Gary Propper was the first international-caliber surfer from the Eastern Seaboard, and the top-paid pro of his generation. “Gary was a hotdogger in every sense of the word,” fellow Floridian pro Mike Tabeling once said of Propper. “He was flamboyant and cocky, had the muscle tone of a jaguar, and there was nothing he couldn’t do on a board.”
Born in Bronx, New York, Propper moved with his family to Florida when he was nine. They eventually settled in Cocoa Beach, and it was then that Propper, now 13, began surfing. By 1966, Propper had become the first-ever Floridian to win the East Coast Surfing Championships. Propper, who was on Dick Catri’s star-studded Hobie team, soon had his own model. The board quickly became the world’s best-selling signature model — and Propper, a bonafide pro. In 1967, between his board’s sales and his various sponsorships, Propper earned $100,000, the equivalent of nearly $800,000 today.
Pro surfing, however, would only be the beginning of Propper’s success. In the 1970s, he transitioned to entertainment promotion. Under the tutelage of legendary San Francisco rock impresario Bill Graham, Propper was soon booking little-known bands like Devo, Blondie, and The Police in Florida clubs and halls. Later, as a manager, he represented comedians Gallagher and Carrot Top, along with bands like Rush, through his company, Gary Propper Entertainment.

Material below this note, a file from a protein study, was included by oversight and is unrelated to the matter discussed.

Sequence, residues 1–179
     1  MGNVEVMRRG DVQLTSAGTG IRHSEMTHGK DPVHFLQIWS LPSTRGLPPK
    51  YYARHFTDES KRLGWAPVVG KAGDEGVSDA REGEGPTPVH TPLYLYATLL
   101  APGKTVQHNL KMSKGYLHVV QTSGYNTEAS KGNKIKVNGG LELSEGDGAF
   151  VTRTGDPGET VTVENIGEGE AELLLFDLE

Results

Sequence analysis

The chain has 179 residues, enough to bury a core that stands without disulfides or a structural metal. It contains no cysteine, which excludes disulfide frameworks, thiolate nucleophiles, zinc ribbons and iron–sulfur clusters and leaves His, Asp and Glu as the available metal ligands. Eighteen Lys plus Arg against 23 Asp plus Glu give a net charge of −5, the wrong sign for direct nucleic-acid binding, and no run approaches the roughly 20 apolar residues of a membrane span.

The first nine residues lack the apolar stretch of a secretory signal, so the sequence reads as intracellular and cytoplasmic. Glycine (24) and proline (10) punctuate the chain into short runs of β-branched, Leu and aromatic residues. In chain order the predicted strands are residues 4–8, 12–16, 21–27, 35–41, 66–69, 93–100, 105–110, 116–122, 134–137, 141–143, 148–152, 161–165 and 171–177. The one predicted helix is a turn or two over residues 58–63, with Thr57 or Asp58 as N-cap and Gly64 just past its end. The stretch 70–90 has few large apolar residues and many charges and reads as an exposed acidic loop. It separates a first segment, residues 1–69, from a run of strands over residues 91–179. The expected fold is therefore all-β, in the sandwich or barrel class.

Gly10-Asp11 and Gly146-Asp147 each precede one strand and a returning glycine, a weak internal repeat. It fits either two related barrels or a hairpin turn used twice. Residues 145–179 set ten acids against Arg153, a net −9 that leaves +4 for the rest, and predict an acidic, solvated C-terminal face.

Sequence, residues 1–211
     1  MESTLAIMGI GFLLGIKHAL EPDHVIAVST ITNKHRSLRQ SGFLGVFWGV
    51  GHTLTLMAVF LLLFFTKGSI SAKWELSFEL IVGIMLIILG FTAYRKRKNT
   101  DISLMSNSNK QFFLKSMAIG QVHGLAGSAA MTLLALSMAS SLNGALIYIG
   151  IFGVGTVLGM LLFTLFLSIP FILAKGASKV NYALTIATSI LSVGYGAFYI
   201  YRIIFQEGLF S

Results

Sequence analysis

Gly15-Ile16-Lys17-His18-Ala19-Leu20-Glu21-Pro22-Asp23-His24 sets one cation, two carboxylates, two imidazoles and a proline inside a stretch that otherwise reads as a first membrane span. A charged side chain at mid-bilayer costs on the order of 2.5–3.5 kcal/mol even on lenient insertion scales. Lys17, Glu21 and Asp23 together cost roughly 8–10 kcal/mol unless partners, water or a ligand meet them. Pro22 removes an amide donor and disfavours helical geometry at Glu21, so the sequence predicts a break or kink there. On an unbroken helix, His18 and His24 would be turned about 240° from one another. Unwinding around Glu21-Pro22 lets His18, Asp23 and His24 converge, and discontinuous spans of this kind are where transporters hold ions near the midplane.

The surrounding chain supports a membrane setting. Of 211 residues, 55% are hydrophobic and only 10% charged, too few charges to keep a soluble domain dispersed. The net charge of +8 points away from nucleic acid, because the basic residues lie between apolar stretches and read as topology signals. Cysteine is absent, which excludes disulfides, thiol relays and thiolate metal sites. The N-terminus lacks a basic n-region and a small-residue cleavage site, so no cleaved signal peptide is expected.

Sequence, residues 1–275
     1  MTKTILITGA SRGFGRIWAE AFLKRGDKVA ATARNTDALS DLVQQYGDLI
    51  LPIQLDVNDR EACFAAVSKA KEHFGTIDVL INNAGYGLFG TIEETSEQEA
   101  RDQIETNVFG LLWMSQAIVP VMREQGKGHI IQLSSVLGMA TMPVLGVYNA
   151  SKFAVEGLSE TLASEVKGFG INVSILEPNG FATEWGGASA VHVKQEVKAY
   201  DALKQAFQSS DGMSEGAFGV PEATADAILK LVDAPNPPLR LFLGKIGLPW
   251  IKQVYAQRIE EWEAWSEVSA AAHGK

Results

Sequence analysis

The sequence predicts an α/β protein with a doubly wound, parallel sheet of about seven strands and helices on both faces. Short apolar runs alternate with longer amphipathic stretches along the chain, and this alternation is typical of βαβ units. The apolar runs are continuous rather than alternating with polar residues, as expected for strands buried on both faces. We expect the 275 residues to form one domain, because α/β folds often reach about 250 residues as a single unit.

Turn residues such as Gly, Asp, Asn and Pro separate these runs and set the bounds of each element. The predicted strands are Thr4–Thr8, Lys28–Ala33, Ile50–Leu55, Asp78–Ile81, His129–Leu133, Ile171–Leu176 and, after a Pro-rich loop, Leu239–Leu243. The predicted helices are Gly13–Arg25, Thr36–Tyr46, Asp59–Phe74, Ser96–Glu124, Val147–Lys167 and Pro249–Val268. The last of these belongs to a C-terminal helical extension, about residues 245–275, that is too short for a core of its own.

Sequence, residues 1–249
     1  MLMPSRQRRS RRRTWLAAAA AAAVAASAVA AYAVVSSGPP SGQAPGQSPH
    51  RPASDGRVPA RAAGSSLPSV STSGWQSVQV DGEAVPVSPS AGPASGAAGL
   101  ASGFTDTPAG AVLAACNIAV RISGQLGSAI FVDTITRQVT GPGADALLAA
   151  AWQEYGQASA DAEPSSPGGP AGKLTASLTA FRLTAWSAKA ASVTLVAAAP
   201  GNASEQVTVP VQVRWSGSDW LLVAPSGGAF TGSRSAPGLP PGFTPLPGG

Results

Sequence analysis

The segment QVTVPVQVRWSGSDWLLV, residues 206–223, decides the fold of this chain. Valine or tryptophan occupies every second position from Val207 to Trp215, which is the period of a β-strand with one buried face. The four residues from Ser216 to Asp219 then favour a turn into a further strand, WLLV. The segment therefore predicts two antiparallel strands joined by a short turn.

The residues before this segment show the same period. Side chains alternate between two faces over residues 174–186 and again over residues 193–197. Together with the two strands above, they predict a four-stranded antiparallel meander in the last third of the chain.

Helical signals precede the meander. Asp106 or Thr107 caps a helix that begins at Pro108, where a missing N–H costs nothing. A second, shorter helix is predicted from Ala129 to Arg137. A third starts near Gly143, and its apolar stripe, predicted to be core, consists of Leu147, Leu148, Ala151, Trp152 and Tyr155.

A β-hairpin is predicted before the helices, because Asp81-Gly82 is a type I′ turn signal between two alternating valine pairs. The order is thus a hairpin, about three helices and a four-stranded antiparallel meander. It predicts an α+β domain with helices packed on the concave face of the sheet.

In the 1990s, Propper made a small fortune when he secured the film rights to the Teenage Mutant Ninja Turtles comic book characters. This led to the wildly popular film franchise, with Propper wearing numerous hats, from production to script management to promotion.
In his later years, Propper continued to stay active in entertainment promotion, as well as art. Legendary surfer and friend, Corky Carroll called Propper “One of the most important and influential surfers of all time.” Propper passed away in 2019.